Results tagged ‘ Baseball America ’
The Nationals announced Wednesday night that they have acquired right-handed pitchers A.J. Cole and Blake Treinen, as well as a player to be named later from the Oakland Athletics in exchange for first baseman/outfielder Michael Morse.
Cole, who was originally selected by the Nationals in the fourth round of the 2010 First-year Player Draft and traded to Oakland for Gio Gonzalez last offseason, returns to Washington. The 6’4”, 21-year-old hurler ranked as the A’s number three overall prospect and top pitcher, according to Baseball America’s rankings released in November. Cole also came in at fourth in Washington’s rankings the year prior. He split his 2012 season between Low-A Burlington and High-A Stockton, putting up an impressive 6-3 record and 2.07 ERA (22 ER/95.2 IP) with 102 strikeouts and just 19 walks in 19 Midwest League starts. He ranked top-five in the Oakland organization in both ERA and strikeouts.
Treinen, 24, was taken by the Athletics in the seventh round of the 2011 Draft out of South Dakota State University. He compiled a 7-7 ledger with a 4.37 ERA (50 ER/103.0 IP) over 24 appearances (15 starts) in the hitter-friendly California League last year. Like Cole, he also posted great peripheral numbers, striking out 92 while walking just 23 (4.00 K/BB rate) on the season.
Washington will also receive a player to be named later from Oakland in the deal, the third made between the two clubs in the last 13 months. In addition to the aforementioned Gonzalez trade, the two defending division champions swapped backstops in August, with the Nationals receiving Kurt Suzuki for minor league catcher David Freitas. Washington also acquired right-handed pitcher Henry Rodriguez and outfielder Corey Brown from Oakland in December of 2010 for outfielder Josh Willingham.
Following Baseball America’s ranking of the Top 10 Nationals prospects earlier this week, we turn our attention to a prospect whose journey has largely escaped the spotlight to this point. Rob Wort, the Nationals 30th-round draft pick in 2009, burst onto the scene this past season with the highest strikeout rate in all of Minor League Baseball.
Featuring a power fastball/slider combo, the lean, 6-2, right-handed reliever wrapped up his second full season at High-A Potomac with eye-popping numbers. In 56.2 innings, Wort notched 95 strikeouts against just 19 walks, earning 13 saves for the P-Nats and a spot on the Carolina League All-Star Team.
Wort’s performance was even more impressive in comparison with his peers. Among the more than 2,300 Minor League pitchers to complete at least 40.0 innings in 2012, Wort ranked first in both strikeouts per nine innings (15.1) and strikeout percentage (41.3). The only two professional pitchers with more dominant strikeout numbers than Wort were Atlanta’s Craig Kimbrel and Cincinnati’s Aroldis Chapman, both of whom had historically great seasons in the Major Leagues.
Chris Michalak, Potomac’s pitching coach and a former Major Leaguer himself, has overseen Wort’s development at two Minor League stops. Before his 2012 breakout season, Wort was at his best in 2010 at Low-A Hagerstown – with Michalak coaching him there as well – where he went 5-0 with a 2.08 ERA and 53 strikeouts in 43.1 innings. After Wort suffered through a lackluster 2011 campaign, the newly promoted Michalak guided a change in approach for the 23-year-old hurler.
“The biggest thing (prior to 2012) was that Rob was able to get by with his fastball and a little different arm angle,” Michalak said. “This year we worked on two things: using his backside and legs to leverage the ball and get later movement on his pitches, and developing his slider. His slider became a legitimate out pitch down and away to right-handed hitters.”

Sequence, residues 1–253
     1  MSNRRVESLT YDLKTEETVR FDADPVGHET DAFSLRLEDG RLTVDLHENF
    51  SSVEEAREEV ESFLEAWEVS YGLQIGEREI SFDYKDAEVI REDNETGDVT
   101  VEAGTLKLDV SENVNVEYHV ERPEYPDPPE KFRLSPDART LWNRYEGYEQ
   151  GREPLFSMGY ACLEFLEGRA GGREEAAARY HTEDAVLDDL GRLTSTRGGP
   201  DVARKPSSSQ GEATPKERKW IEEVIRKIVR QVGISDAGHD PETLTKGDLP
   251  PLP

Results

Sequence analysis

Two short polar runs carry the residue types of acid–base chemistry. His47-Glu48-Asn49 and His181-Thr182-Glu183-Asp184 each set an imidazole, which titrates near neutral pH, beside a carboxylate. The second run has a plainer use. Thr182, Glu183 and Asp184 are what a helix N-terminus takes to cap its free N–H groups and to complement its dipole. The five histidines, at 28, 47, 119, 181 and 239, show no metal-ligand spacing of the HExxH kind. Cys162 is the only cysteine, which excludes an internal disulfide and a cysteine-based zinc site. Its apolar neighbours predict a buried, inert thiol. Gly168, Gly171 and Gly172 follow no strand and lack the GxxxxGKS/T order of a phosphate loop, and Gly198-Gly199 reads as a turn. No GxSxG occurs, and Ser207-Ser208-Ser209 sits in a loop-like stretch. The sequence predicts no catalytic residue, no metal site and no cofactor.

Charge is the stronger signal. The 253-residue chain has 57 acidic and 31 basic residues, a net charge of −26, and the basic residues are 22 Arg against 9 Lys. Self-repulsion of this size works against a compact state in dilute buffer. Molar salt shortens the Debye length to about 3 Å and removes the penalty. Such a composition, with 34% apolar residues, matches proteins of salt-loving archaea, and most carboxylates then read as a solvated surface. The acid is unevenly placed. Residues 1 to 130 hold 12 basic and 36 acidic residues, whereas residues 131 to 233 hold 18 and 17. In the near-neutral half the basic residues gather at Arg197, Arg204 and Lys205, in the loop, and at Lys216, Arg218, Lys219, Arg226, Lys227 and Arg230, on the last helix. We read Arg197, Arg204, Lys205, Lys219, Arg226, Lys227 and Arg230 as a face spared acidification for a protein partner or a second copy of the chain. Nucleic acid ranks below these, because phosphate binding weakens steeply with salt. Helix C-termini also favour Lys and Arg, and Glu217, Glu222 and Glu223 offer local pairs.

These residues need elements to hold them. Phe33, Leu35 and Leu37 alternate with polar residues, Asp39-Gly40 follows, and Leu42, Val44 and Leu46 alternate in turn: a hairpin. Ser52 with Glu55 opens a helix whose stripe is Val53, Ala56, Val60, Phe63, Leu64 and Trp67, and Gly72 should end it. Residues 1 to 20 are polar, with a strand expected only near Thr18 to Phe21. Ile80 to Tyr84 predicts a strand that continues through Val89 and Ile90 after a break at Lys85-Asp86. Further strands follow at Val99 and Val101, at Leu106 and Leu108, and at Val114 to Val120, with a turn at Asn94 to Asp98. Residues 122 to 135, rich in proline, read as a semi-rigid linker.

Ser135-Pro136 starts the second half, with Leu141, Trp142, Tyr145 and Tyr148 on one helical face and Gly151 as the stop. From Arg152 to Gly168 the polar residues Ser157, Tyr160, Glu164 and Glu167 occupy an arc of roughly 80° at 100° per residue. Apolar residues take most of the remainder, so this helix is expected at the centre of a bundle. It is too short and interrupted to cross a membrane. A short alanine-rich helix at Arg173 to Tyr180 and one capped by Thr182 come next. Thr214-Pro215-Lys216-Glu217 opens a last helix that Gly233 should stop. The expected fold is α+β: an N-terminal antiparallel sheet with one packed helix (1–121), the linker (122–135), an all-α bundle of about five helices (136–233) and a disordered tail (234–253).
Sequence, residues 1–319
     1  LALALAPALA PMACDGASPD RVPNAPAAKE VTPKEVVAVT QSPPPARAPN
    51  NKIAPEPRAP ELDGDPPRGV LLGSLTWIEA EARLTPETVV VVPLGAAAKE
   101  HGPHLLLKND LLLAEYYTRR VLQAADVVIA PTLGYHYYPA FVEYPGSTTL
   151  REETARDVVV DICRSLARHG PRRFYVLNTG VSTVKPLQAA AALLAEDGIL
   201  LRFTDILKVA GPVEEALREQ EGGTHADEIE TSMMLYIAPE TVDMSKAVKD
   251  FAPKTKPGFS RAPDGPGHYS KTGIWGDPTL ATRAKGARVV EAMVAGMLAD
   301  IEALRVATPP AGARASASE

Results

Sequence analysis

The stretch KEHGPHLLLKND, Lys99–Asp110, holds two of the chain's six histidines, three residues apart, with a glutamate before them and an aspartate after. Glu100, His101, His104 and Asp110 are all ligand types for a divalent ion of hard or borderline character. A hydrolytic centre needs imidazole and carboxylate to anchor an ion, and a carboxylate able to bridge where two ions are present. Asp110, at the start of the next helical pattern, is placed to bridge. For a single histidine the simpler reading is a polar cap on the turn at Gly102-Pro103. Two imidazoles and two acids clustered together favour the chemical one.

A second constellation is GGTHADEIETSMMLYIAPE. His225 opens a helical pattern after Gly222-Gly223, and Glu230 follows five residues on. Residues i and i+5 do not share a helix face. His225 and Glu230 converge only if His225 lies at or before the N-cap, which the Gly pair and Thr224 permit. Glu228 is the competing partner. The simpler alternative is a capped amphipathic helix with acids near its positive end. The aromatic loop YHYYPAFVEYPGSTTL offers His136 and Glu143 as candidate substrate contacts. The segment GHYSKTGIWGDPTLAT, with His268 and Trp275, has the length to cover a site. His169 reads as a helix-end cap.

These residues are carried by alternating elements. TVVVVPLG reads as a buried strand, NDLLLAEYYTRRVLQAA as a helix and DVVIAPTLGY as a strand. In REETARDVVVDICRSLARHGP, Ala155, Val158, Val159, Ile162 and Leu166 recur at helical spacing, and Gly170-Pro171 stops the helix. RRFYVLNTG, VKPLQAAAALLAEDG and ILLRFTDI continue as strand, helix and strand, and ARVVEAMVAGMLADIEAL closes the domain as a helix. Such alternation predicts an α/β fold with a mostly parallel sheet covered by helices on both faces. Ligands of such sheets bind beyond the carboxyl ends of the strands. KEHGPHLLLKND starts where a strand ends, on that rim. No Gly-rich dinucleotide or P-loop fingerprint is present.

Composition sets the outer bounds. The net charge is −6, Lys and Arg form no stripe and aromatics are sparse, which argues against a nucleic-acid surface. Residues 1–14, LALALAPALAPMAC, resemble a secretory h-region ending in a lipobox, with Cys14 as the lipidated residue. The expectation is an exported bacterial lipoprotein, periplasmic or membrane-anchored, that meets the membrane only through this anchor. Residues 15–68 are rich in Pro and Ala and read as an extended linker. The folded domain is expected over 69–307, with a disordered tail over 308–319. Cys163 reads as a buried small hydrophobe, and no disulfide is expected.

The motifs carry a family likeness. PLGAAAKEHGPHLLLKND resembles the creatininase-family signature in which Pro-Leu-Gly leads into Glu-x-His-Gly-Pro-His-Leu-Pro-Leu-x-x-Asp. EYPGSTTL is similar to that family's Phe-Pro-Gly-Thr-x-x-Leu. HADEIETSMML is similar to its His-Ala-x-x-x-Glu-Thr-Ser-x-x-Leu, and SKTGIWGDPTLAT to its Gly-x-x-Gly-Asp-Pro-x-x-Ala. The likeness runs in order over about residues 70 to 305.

Opposing righties stood little chance against Wort this past season, batting a meager .174/.243/.265 and striking out an astonishing 69 times in 144 plate appearances. Lefties fared only marginally better, hitting at a .247/.349/.392 clip with 26 punchouts in 86 trips to the plate. This was a huge improvement for Wort, after lefties batted .354/.475/.625 and struck out just eight times in 64 plate appearances against him in 2011.
Michalak explained the specific changes that led to Wort’s dramatic improvement against batters from the left side of the plate.
“We wanted to give him more weapons against left-handed hitters,” Michalak said. “Rob tried out a new two-seam fastball and a change-up, which added a couple of wrinkles to what he was doing before. Those became effective pitches for him.”
Should Wort continue his development and eventually earn his way onto the Nationals roster, he would join Toronto left-hander Mark Buehrle as the second Major League player to attend both Francis Howell North High School (St. Charles, Mo.) and Jefferson College (Hillsboro, Mo.). Buehrle was also a late round pick, going to the Chicago White Sox in the 38th round in 1998. Michalak, who was a 12th-round selection out of college and fought his way to the big leagues for the first time at age 27, thinks his pupil has a good shot.
“This year really opened up (Rob’s) eyes a little bit, gave him confidence he could get there,” Michalak said. “If he continues to make adjustments throughout each season, throughout his career, and he’s not afraid to take those adjustments into the game, I don’t see why he doesn’t have a chance.”
Earlier today, Baseball America unveiled its annual Top 10 Prospect List for the Washington Nationals heading into the 2013 season. There has been a lot of movement since last season, with only four of last year’s prospects returning to the list. The reason for this is two-fold: some names, like Bryce Harper and Steve Lombardozzi, have become fixtures at the Major League level, while others have been traded in deals for the likes of Gio Gonzalez and Denard Span, making the Nationals imminently more competitive in the present. In both senses, the farm system has done its job. But that hardly means it is now bereft of top-level talent.